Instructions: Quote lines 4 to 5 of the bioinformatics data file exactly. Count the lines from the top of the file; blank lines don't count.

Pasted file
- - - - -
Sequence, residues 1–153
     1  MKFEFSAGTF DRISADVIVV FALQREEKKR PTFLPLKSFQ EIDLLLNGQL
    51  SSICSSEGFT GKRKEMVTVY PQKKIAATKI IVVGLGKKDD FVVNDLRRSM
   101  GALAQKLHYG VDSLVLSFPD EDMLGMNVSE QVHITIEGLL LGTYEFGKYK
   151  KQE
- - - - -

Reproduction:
   101  GALAQKLHYG VDSLVLSFPD EDMLGMNVSE QVHITIEGLL LGTYEFGKYK
   151  KQE